The K drndmak i Artakhshir contains even greater
resemblances to the Shdh-ndma of Firdawsi than the
Ydtkdr. The legend relates the adventures of Ardashir,
who is the son of Sasan, and whose mother is the daughter

lord of the marches named Babak.

of a Sasan, though
apparently a humble shepherd, is really a descendant of
Darius, and his son Ardashir, when of age, is summoned
to court by the paramount king of Persia. Thence he
is banished for quarrelling with the king's son, but gain-
ing power, he returns and succeeds in overthrowing the
king and marrying his daughter. The hero's further adven-
tures take up the remainder of the account.
The exact date of these compositions is unknown, but
they were with little doubt the product of the generosity of
one of the later Sasanian princes. Daki'ki, who began the
famous Shdh-ndma (Book of Kings) and Firdawsi, who
completed it, seem to have made extensive use of this
material. It is true that there are differences ; the style of
the original is simple and the action of the story moves
forward directly and without digression, while the Shdh-
ndma makes constant excursions from the path of the
story, and its style is overloaded with ornamental super-
fluities. Also the two versions differ in their ending ;

nevertheless the resemblances are great enough to justify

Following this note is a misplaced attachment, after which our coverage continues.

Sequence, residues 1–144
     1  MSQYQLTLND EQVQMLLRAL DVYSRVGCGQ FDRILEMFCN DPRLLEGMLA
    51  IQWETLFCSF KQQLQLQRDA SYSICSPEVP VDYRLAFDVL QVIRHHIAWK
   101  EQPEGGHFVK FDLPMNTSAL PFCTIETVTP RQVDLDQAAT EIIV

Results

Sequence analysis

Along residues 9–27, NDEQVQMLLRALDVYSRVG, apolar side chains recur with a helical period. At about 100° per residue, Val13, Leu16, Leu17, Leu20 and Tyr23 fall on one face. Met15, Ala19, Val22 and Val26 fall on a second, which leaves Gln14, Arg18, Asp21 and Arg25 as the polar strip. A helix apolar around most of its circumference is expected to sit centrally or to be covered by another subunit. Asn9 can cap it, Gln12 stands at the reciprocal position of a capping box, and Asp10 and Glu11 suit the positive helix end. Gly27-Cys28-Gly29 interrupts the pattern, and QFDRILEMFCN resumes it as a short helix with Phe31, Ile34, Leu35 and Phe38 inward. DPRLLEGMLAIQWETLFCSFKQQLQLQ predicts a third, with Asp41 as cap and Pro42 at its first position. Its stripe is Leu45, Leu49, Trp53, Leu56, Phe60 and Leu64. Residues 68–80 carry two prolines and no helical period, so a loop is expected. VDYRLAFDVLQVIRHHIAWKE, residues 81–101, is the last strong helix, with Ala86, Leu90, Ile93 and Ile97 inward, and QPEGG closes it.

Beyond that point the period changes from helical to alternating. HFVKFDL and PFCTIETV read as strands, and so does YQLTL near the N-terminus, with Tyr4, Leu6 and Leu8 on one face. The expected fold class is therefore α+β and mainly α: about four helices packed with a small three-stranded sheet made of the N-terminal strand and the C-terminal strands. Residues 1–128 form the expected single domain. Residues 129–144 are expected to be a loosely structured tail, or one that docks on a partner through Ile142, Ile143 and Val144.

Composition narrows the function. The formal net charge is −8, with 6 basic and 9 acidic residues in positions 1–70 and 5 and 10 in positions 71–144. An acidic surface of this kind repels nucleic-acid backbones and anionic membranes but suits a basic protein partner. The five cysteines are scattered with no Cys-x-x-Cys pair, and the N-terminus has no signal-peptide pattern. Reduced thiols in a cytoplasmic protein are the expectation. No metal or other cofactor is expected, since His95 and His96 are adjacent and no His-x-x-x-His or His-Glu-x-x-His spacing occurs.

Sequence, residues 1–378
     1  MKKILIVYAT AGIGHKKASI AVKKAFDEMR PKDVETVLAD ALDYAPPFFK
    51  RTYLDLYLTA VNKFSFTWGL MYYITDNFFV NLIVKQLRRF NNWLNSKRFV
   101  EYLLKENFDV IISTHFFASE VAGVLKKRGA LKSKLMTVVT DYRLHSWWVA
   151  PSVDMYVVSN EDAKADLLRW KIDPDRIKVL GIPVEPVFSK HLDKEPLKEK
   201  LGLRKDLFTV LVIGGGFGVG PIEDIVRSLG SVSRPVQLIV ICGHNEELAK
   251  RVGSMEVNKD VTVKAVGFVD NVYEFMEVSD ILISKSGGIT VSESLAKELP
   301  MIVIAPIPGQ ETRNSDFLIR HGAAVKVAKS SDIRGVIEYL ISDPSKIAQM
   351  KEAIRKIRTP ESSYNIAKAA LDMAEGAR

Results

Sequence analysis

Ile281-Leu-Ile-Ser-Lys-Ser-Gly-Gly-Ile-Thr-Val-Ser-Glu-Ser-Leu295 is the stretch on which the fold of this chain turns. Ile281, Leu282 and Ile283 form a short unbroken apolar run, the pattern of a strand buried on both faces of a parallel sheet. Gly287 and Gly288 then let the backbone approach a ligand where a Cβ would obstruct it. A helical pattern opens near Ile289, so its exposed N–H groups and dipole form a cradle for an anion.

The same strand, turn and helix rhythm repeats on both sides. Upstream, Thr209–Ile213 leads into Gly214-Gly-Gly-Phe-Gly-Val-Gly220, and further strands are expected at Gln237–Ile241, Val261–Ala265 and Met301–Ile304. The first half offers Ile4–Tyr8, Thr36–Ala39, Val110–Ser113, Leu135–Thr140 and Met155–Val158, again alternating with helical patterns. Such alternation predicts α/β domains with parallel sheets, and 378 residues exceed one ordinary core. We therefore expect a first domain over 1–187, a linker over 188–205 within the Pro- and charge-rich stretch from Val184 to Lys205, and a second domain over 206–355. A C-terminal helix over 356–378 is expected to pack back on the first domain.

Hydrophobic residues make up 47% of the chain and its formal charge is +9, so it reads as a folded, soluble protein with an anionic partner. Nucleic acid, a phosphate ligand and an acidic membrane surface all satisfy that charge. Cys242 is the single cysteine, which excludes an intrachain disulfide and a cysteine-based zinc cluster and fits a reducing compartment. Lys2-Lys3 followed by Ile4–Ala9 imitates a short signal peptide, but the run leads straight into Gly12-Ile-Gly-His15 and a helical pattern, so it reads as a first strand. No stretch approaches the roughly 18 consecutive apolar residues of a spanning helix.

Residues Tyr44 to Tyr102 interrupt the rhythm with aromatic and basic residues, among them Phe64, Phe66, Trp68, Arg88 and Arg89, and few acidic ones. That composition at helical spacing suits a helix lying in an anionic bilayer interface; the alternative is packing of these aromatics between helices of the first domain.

the conclusion that the two are interdependent.
Of Sasanian poetry nothinghas been preserved, and
though seems
strange that monarchs of the standing of
Niishirwan or Khusraw Parwfz should have had no min-
strels or poets to sing their praises, yet it is
possible that
Sasanian art found its expression in architecture and sculp-
ture rather than in letters.
In the year A.D. 651 the empire of the Sasanians was

brought to an end by the Arabian invasion of Persia and

the defeat of Yazdigird, the last member of the dynasty.
Throughout the whole of the history of Arabia periods of
dearth have been followed by migrations of the inhabitants
of the country to more fertile lands. The last wave of
migration coincided with the rise of Islam, which gathered
strength as the Arab conquests proceeded. When in Persia
a series of unexpectedly easy victories was followed by
a period of resistance from the less accessible strongholds

of Iranian civilization, the Arabian corporate feeling aroused

by this opposition began to identify itself with the new

faith revealed by the Arab Muhammad. What had been
loose migration of tribes now became a series of organized

campaigns to crush opposition to the Arabs and to their